Samuel M. Jones

Samuel M. Jones (1846 - 1904) was a businessman and twice mayor of Toledo, Ohio. Jones was born in Wales and his family immigrated to the United States in 1849. In 1892 Jones moved to Toledo and established a successful business manufacturing tools for the oil industry. He became known as a benevolent employer who refused to pay his workers low wages. He expected employees to work hard and be honest and basically follow the "Golden Rule" and in return he would treat them fairly and pay them enough to support their families. This earned him the name Samuel "Golden Rule" Jones. Jones, a progressive Republican, ran for mayor of Toledo in 1897 and campaigned on the promise to implement the "Golden Rule" philosophy in his administration. Workers supported Jones and he won.

After being elected Jones worked to implement progressive reform. He improved the conditions for the laboring class such as an eight-hour work day for city workers, opened free kindergartens, built parks, and reformed city government. Jones believed political party loyalty divided people too much so he encouraged voters and politicians to renounce political parties. He believed that non-partisan politics would unite people. Jones was too progressive for some of the businessmen and wealthier citizens of Toledo and the Republican Party refused to nominate Jones for the mayor in 1899 but he ran anyway. With overwhelming support he won with seventy percent of the vote. Jones died in office on July 12, 1904. Brand Whitlock succeeded Jones and continued his reform efforts.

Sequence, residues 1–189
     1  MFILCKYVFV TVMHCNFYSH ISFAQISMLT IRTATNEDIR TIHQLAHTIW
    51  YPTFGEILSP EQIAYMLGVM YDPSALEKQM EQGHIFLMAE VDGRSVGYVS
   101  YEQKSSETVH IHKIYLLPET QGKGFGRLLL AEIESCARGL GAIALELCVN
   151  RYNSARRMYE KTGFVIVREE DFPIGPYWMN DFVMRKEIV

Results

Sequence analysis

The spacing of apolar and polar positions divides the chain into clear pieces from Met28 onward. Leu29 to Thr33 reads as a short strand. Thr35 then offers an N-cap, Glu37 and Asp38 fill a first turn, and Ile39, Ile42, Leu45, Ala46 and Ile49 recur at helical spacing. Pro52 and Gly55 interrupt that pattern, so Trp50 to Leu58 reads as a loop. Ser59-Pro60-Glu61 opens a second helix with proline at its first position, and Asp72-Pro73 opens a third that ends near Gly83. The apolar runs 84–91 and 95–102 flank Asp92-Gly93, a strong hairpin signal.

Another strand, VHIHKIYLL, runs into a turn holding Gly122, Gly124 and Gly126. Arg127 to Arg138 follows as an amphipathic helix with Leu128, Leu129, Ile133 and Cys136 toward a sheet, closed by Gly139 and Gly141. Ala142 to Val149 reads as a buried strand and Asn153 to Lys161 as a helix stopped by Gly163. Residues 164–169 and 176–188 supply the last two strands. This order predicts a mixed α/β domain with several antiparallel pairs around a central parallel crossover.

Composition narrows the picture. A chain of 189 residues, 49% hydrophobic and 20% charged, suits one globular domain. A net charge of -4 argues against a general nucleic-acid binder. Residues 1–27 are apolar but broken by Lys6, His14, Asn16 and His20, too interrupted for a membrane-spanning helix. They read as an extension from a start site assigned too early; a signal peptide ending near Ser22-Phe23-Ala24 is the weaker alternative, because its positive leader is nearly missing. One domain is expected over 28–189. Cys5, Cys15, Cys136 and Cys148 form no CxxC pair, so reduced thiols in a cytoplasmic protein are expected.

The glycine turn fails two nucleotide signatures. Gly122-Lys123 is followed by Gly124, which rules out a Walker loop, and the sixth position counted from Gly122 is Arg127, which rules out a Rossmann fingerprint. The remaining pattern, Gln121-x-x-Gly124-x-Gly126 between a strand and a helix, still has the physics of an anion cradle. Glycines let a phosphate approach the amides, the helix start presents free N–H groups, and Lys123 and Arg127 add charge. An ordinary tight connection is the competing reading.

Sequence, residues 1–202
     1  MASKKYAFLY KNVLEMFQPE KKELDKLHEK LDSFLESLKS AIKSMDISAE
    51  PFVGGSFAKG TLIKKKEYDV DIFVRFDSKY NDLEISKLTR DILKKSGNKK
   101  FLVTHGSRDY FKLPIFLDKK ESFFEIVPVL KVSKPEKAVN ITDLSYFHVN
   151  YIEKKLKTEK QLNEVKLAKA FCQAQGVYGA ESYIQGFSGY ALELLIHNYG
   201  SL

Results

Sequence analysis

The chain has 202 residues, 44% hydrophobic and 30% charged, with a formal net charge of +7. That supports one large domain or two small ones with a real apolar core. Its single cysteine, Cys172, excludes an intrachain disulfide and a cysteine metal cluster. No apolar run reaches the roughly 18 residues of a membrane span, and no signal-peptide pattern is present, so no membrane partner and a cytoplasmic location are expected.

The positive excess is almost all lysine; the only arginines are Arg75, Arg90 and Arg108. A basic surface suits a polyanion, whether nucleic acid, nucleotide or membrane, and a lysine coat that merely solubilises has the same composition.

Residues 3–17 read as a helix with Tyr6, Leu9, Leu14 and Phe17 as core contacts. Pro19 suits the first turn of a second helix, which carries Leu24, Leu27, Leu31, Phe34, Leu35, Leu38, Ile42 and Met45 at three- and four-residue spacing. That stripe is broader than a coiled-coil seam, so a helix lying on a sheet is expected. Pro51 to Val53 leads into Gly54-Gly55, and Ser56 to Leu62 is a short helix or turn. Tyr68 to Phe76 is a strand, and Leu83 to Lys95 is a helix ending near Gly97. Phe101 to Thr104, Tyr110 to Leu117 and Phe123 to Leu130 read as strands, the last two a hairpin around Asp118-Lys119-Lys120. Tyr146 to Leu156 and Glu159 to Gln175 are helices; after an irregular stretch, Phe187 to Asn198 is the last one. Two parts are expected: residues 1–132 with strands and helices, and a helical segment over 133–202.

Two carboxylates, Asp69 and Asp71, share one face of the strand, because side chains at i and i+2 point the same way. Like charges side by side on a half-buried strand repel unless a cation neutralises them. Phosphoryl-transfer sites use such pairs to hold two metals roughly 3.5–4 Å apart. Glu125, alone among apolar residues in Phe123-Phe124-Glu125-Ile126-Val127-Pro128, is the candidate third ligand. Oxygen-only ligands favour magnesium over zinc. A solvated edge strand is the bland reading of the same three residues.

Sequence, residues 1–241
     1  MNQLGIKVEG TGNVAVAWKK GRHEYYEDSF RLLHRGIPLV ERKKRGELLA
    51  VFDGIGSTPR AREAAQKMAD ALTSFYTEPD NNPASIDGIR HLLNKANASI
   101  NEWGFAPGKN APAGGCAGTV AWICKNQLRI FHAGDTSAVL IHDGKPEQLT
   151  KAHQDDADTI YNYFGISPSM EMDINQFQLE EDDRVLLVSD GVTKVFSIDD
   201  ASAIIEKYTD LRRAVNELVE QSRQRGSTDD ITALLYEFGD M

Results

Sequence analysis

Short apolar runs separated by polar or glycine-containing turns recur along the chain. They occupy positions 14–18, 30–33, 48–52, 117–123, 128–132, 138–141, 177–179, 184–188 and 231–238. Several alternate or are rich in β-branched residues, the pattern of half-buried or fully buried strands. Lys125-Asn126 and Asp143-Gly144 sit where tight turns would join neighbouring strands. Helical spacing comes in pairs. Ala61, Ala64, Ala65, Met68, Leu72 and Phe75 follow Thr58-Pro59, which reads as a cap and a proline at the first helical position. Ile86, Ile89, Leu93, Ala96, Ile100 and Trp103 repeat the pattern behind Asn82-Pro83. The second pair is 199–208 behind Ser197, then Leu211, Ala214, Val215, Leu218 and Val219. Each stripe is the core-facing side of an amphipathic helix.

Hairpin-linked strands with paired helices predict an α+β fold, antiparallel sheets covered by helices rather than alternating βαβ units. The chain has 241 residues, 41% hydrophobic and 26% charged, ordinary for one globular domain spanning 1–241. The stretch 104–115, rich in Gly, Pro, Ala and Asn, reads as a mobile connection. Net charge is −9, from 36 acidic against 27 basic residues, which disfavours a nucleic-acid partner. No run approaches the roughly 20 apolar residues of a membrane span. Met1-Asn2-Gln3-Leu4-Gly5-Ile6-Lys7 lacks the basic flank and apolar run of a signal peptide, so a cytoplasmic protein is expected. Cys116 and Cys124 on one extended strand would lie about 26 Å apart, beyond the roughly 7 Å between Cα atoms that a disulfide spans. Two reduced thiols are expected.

Brand Whitlock wrote a letter to Clarence Darrow in February 1903 in which he stated that he and Jones had frequently discussed Darrow running for mayor of Chicago and that Jones would come to Chicago to campaign for Darrow if he ran. Darrow declined to run to the great disappointment of many in Chicago.

Photo from Golden Rule Jones, Mayor of Toledo by Ernest Crosby (1906).